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Clyde Reedy has contributed significantly to his old frat house, Phi Psi, and a plaque in the front room (behind Reedy in this photo) pays tribute to his leadership and generosity.
Not all who wander
Successful alum--even without a degree--returns many favors to the U
By Rick Moore
From M, spring 2008
Clyde Reedy is getting very accustomed to telling his story. Within the last year, the 86-year-old veteran of World War II has shared his oral history with groups and individuals including the Smithsonian, the Minnesota Historical Society, the Library of Congress, the University of Minnesota, and Hamline University.
What makes his story even richer is his experience with the University of Minnesota, both in the early 1940s as a student and in recent decades as a benefactor.
The story doesn't include a degree from the U, but that hardly seems to matter.
Man, interruptedAfter graduating from the former University High School on the Twin Cities campus, Reedy enrolled at the University of Minnesota in the fall of 1939 and was well on his way to a business degree. He also joined the Phi Kappa Psi social fraternity--Phi Psi for short.
Then came the war and a call to serve his country. Reedy joined the Navy in the summer of 1942, trained as a flyer at a number of sites, and was sent overseas in the fall of '44.
He saw a lot in the war, and just missed seeing a whole lot more.
"We almost got shot down at Chichi Jima," Reedy says, pointing out that President George H. W. Bush's plane had been shot down in the same location two weeks earlier.
Perhaps his most fateful day came on August 6, 1945, when Reedy, unaware of the nature of his mission, flew on the support plane for the Enola Gay on the day the atomic bomb was dropped on Hiroshima.
"The great mystery," Reedy recalls of that day. The night before he was told to go to bed early, and "at about 2:30 in the morning the Marines woke us up," he says. His PBY plane flew to a designated station and the crew was told to wait for a B-29 flying at 30,000 feet, maintain absolute radio silence, and follow behind it. His plane stopped and circled at a second station while the Enola Gay flew ahead.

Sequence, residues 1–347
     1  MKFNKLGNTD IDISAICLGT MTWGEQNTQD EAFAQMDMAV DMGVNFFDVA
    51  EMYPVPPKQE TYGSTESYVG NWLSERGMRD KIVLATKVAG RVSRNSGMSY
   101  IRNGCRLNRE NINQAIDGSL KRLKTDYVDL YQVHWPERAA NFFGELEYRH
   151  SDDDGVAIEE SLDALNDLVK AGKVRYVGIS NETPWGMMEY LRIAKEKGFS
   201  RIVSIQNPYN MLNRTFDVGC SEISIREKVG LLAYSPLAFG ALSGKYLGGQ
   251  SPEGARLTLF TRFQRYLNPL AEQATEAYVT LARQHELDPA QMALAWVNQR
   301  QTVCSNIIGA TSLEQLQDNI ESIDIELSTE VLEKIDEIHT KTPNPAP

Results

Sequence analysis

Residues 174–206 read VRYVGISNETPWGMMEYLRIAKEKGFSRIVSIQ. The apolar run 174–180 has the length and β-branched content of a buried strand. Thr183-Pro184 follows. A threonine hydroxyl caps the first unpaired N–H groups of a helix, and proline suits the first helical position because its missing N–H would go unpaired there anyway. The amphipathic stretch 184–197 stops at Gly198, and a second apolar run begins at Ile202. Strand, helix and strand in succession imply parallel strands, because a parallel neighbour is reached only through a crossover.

"Forty-five minutes later the B-29 reappeared, heading south," Reedy says. "We had no idea what [had] happened--absolutely none." Later that day, a voice on the Voice of America station in Saipan, KSAI, announced that "an important and new weapon had been dropped on Hiroshima."
Success back homeReedy returned to Minnesota and worked for this father for three years, then launched into a successful investment brokerage career. Curious and active, Reedy became a serious gardener and also studied modern art, gathering a collection of originals from artists like Ellsworth Kelly, Robert Motherwell, and Mark Rothko.
He also continued to take classes--Extension classes through the U as well as coursework at the Wharton School. He says he has more credits than he'd need for a diploma, just no diploma.
But that hasn't stopped him from supporting the University with his money and time. He and his wife have donated repeatedly to the Weisman Art Museum and the Minnesota Landscape Arboretum, where Reedy served on the Board of Trustees for a decade. He has also contributed significantly to his old frat house, Phi Psi. In 1997 he went out and raised $385,000 to completely renovate the interior of the century-old house on fraternity row. ("I don't know how I did it, but I did it," he jokes.)
And he and two other alums contributed $25,000 a piece toward an endowment fund. That fund is now up to $200,000 and allows for $10,000 a year to be given in scholarships to Phi Psi students. A plaque in the front room of the fraternity house pays tribute to Reedy's leadership and generosity.
Why is he so generous to the U?
"This is the greatest economic engine that any state has ever had," Reedy says, his voice booming with conviction; his message straight out of a stump speech by President Bruininks. "What it does for this state is simply incredible, in my mind, and to not support it is plain foolish."
And does the man who has given so much of his time and resources have any recurring regrets at not being on the receiving end of a degree from the U?
"Nah," says Reedy, again with conviction... and a hint of a smile. "I'm 86 years old."